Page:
Rio Eno: everything you need to know about it

The Eno or Inn is a Swiss river that flows through several countries including Austria and Germany, read our article to find out more.

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Origin of the river Eno

The River Eno or Inn (Latin: Aenus; Roman: En) is a river in Switzerland, Austria and Germany. It is a right tributary of the Danube and is 517 kilometres (321 mi) long. The highest point in its catchment area is the summit of Piz Bernina at 4,049 metres (13,284 ft). The Engadine, the valley of the river Eno, is the only Swiss valley where the sea ends at the Black Sea (via the Danube).

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The name Eno is derived from the Old Celtic words en and enios, which means water in English.

In a document from 1338 the river is called Wasser.

The first written reference, from the years 105 to 109 (Publii Corneli Taciti historiarium liber tertius), speaks of a Sextus Felix who was sent to the banks of the River Inn.

The river is also mentioned by other authors of the Roman Empire as Ainos (Greek) or Aenus (Latin). In medieval Latin it is usually written as Enus, and by the humanists as Oenus.

Mentions in Roman times refer to the lower course, the Tyrolean section is first mentioned as Aenus in Venantius Fortunatus in the 6th century.


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The name Engadin and the Romansh name En indicate that the upper reaches of the river have always been called this. Although it was sometimes thought that the Eno had its source near the Adigiop in the Reschen Pass, since the 16th century the source has been considered to be in the area of the lakes in the Maloja Pass.

In this video we show you what a walk along the Rio Eno or Rio Inn looks like:

The course of the Eno

The source of the Eno lies in the Swiss Alps, west of Saint Moritz in the Engadine region, named after the river. Shortly after leaving its source, the Eno flows through the largest lakes in its course, Lake Sils and Lake Silvaplana. Similar to the source of the Aar.

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It flows northeast into Austria and from Landeck east through the Austrian state of Tyrol and its capital, Innsbruck (bridge over the Inn), and crosses the border into Bavaria at Kufstein.

In Bavarian territory, the river flows north through Rosenheim, Wasserburg am Inn and Waldkraiburg, then turns east, passing through Mühldorf and Neuötting, and is joined by two major tributaries, the Alz and the Salzach.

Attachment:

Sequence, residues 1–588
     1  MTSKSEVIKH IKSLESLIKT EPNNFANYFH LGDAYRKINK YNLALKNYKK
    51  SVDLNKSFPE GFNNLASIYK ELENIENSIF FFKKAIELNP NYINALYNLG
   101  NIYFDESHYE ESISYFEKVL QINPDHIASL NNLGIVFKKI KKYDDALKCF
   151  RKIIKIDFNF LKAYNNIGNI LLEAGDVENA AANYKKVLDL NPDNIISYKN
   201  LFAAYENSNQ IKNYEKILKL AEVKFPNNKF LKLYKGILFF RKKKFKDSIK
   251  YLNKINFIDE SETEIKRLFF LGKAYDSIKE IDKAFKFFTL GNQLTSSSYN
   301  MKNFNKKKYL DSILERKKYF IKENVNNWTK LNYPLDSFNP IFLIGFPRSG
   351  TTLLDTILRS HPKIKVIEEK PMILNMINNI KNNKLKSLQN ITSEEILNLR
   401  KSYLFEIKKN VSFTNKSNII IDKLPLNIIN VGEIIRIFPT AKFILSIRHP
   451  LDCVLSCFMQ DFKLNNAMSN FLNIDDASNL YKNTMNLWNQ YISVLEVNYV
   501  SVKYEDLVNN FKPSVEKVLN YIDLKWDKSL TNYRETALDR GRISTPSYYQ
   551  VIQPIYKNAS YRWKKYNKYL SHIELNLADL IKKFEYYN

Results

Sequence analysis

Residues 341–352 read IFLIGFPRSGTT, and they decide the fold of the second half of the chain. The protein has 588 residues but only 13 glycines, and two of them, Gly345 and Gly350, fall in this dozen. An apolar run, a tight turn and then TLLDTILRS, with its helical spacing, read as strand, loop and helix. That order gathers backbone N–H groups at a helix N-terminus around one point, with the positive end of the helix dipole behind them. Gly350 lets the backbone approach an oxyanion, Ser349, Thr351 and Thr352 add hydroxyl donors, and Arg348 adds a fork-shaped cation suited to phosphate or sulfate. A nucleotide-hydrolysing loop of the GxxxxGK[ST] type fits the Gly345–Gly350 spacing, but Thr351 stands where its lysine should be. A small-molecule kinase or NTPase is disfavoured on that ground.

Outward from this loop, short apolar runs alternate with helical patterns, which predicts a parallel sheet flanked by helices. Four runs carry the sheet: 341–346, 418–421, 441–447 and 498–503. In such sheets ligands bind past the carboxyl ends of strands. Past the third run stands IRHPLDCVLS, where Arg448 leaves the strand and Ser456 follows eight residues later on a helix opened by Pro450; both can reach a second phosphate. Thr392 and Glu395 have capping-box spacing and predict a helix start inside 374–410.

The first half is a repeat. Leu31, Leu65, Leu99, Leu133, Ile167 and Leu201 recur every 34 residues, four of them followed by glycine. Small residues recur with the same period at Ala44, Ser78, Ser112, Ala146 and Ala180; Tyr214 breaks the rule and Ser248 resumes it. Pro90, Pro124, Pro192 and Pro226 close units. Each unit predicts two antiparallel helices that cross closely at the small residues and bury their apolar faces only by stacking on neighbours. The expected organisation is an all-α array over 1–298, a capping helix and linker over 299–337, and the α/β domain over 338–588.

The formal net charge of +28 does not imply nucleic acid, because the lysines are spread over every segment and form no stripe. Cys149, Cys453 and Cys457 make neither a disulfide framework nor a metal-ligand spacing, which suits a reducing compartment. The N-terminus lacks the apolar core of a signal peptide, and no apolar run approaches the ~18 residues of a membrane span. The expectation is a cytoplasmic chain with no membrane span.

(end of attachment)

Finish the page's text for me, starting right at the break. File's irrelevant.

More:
From here to the Danube, it forms the border between Germany (Bavaria) and Austria (Upper Austria). The towns on this last stretch of the river are Marktl am Inn, Simbach am Inn, Braunau am Inn and Schärding.

At Passau the river finally joins the Danube (as does the Ilz). Although the Inn has a higher average flow than the Danube when they join at Passau, its basin also contains Piz Bernina, the highest point in the Danube basin.

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The Inn is considered a tributary of the Danube, which is longer, drains a larger area and has a more consistent flow. The Eno is the only river that starts in Switzerland and ends in the Black Sea (via the Danube).

The picturesque Eno, more commonly known as the Inn, stretches from the Engadin region of the Swiss Alps into parts of Austria and Germany, where it becomes the Rhine.

The Inn passes through the Silvaplana and Sils lakes and numerous towns and villages before joining the Danube. Although the Inn generally has a greater flow of water at the confluence, it is a tributary of the Danube.

Watch this video to see the Eno or Inn River Falls in Switzerland:


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Many small towns have sprung up along its banks, including the birthplaces of Pope Benedict XVI and Adolf Hitler. The most populous city through which it flows is Innsbruck, Austria.

Innsbruck is widely known for its proximity to alpine skiing, as is the Pechora River, which rises in the Aural Mountains. However, travellers visiting the city during the warmer months of the year will love spending time on the Eno River.

Innsbruck literally means ‘bridge over the Inn’, and this illustrates the importance of the city’s location on the river. The river provided the city’s early inhabitants with a convenient means of transport and also provided access to the Black Sea via the Danube for trade.


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There are several scenic bridges that can be explored when visiting the town and travellers to the area can also take part in water activities such as canoeing, kayaking and rafting, as can be done on the Mendoza River in Argentina. The lodge can be seen from many vantage points on the nearby mountain peaks.

See them kayaking on the Rio eno or Rio Inn in Switzerland:

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